The studied molars differ from Sivoryx in having large size quadrate upper molars with strong entostyles.


Morphologically the molars are similar to the genus Sivatragus. The Siwalik Sivatragus is represented by the two species: Sivatragus brevicornis in the Tatrot Formation and this species is comparatively small in size, and Sivatragus bohlini in the Pinjor Formation and this species is large in size. The dentition of Sivatragus brevicornis is reported but Sivatragus bohlini is erected only based on the skull and its dentition is not reported. Morphometrically, the molars are larger than Sivatragus brevicornis (Table I), reported from the Tatrot Formation of the Upper Siwaliks which is geologically younger Formation to the Pinjor Formation. Moreover, the skull of Sivatragus bohlini is larger than Sivatragus brevicornis (Pilgrim, 1939). Therefore, the sample can be assigned to Sivatragus bohlini. However, the sample is incomplete and refers Sivatragus cf. bohlini.

The holotype of S. bohlini described by Pilgrim (1939, p. 81) is of unknown origin. The skull was collected by Cautley and reported by Lydekker in 1885 without identification. Pilgrim (1939) tagged the Formation based on the matrix color. Nevertheless, the new discovery of S. bohlini from the Pinjor Formation of the Sardhok outcrops allowed to calibrate the exact stratigraphic position of this species. Thus, the significance of this sample is to confirm the age of S. bohlini. Furthermore, the dentition of S. bohlini is reported for the first time from the Siwaliks.

Genus Damalops Pilgrim, 1939

Damalops sp.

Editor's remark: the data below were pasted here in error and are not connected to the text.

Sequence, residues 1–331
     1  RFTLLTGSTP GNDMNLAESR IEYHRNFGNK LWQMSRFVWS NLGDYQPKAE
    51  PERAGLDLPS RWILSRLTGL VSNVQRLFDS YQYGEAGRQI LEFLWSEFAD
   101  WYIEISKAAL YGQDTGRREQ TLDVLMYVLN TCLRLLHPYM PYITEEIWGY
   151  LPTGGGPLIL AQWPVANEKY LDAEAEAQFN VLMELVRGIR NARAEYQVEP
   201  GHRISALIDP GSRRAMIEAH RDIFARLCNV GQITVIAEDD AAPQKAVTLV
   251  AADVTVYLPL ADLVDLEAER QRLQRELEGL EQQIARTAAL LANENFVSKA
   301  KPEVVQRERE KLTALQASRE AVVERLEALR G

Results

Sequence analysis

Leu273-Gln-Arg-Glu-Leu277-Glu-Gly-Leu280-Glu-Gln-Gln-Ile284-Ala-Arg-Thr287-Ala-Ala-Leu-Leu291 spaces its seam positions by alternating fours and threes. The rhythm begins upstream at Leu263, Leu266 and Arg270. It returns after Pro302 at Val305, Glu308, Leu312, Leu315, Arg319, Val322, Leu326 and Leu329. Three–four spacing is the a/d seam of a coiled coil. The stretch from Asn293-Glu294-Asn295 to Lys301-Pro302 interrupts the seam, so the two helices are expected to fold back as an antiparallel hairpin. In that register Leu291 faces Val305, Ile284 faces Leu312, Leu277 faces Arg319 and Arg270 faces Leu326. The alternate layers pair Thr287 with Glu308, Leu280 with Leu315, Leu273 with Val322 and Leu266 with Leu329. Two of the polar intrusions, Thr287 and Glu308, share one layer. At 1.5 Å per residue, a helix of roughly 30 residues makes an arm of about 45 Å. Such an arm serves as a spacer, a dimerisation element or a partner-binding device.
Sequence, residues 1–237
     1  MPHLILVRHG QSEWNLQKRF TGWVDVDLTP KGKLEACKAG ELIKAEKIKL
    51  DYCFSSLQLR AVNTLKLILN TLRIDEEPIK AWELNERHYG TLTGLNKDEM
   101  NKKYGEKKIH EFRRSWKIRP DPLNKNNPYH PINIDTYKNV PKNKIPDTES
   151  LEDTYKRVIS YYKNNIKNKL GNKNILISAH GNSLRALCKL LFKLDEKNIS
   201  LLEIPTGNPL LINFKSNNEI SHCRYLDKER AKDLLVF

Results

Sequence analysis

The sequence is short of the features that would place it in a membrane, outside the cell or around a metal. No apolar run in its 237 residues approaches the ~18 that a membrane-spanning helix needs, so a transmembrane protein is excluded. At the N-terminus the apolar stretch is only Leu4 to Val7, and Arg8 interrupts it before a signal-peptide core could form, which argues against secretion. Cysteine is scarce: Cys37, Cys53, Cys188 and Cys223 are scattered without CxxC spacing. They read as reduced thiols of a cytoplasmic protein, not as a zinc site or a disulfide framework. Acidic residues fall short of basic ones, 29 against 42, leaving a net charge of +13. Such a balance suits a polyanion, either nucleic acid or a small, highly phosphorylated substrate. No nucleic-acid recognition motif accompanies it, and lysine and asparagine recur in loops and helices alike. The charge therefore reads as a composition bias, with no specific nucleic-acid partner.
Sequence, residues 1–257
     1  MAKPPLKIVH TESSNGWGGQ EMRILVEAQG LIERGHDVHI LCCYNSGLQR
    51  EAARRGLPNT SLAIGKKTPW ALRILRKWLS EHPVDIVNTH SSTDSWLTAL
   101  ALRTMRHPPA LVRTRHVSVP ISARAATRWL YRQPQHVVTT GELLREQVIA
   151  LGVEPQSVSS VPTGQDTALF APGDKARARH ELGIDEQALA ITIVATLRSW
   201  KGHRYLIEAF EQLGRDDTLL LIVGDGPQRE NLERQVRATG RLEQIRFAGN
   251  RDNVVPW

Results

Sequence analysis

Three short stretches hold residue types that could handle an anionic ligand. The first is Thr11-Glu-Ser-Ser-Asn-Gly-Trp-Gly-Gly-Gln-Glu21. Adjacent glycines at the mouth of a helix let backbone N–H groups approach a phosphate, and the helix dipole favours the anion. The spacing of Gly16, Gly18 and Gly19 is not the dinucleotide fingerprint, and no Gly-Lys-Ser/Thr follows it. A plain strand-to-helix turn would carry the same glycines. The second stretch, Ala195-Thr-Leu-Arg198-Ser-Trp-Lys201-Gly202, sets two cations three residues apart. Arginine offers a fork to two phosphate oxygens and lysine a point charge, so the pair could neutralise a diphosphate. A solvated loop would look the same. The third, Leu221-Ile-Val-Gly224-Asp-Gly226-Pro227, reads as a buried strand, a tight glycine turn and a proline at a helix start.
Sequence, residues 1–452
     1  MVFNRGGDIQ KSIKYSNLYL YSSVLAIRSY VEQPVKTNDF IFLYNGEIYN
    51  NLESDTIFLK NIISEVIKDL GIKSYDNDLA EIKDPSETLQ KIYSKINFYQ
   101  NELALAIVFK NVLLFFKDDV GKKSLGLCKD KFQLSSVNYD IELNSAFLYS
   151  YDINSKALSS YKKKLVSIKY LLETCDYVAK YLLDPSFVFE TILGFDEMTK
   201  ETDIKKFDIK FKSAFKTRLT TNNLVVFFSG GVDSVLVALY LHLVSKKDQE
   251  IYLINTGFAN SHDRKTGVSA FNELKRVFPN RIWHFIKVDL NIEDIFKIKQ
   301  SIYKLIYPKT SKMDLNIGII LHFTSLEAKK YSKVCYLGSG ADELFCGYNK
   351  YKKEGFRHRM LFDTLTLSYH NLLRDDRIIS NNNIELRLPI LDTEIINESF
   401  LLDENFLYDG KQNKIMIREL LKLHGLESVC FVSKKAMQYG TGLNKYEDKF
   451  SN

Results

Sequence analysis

New material

PUPC 67/411, right M3; PUPC 69/395, right M3.


The dentition includes only two upper molars (Fig. 3E, F). The traces of cement are present and the cingulum is absent in the molars. The tooth enamel is rugose. The hypocone is heavy, rugose and shows slight concavity. The paracone is slender and shows convexity. The pre- and postparacristae are of same size. A narrow and shallow vertical groove is present between the paracone and parastyle. The parastyle is thick in the middle but slender antero-posteriorly. A wide and shallow vertical groove separates the metacone from metastyle.

The protocone is projected forward. The molars are hypsodont and narrow crowned. The molars are elongated. The entostyle is absent. In the labial view, the styles and ribs are strong. The paraconus rib is stronger than the metaconus rib. The metaconus rib is broader than the paraconus rib. A spur is present in the antero-posterior fossettes. The labial lobes of the molars are comparatively compressed.

Comparison and discussion

The molars are hypsodont and slendrical (Table I). The distinction features of the molars are having no anterior transverse flange and entostyle. The molars are characterized in having prominent styles and ribs, fossettes with spurs and narrow crown. The hypsodonty, relatively narrow crown, strong labial styles and ribs, enamel spur in a central fossette, having slight convexity posteriorly and slight concavity anteriorly refer them to Alcelaphini (Pilgrim, 1939).

Morphometrically (Fig. 3E, F; Table I), the molars are similar to the Siwalik alcelaphine Damalops palaeindicus. The molars belong to the large species of the Siwalik alcelaphine. Nevertheless, the sample is not complete enough to provide a specific determination and it is difficult to assign at specific level. Therefore, the sample is assigned to Damalops sp.

Subfamily Caprinae Gray, 1821

Caprinae gen. indet. (aff. Capricornis) roylei Pilgrim, 1939

New material

PUPC 14/45, a right maxillary fragment with complete series of molars (M1-3).

Description and comparison

The molar series of the upper dentition is 43 mm in length. The molars have neither cingulum nor cement and in early wear (Fig. 3G). The molars are hypsodont and somewhat elongated antero-posteriorly (= narrow crown). The cusps are more distinct lingually than labially. The hypocone is slendrical, slightly concave and narrow at the base, and wide towards apex. The molars are furnished with sharp folds labially. The entostyle is absent. The paraconus rib is present and the metaconus rib is absent, representing flat posterior lobe. The styles are narrow, sharp and strong. The styles are not straight showing undulation towards apex. The mesostyle is prominent than those of the parastyle and metastyle. The fossettes are deep and devoid of spurs. The third molar inclines a bit inward lingually.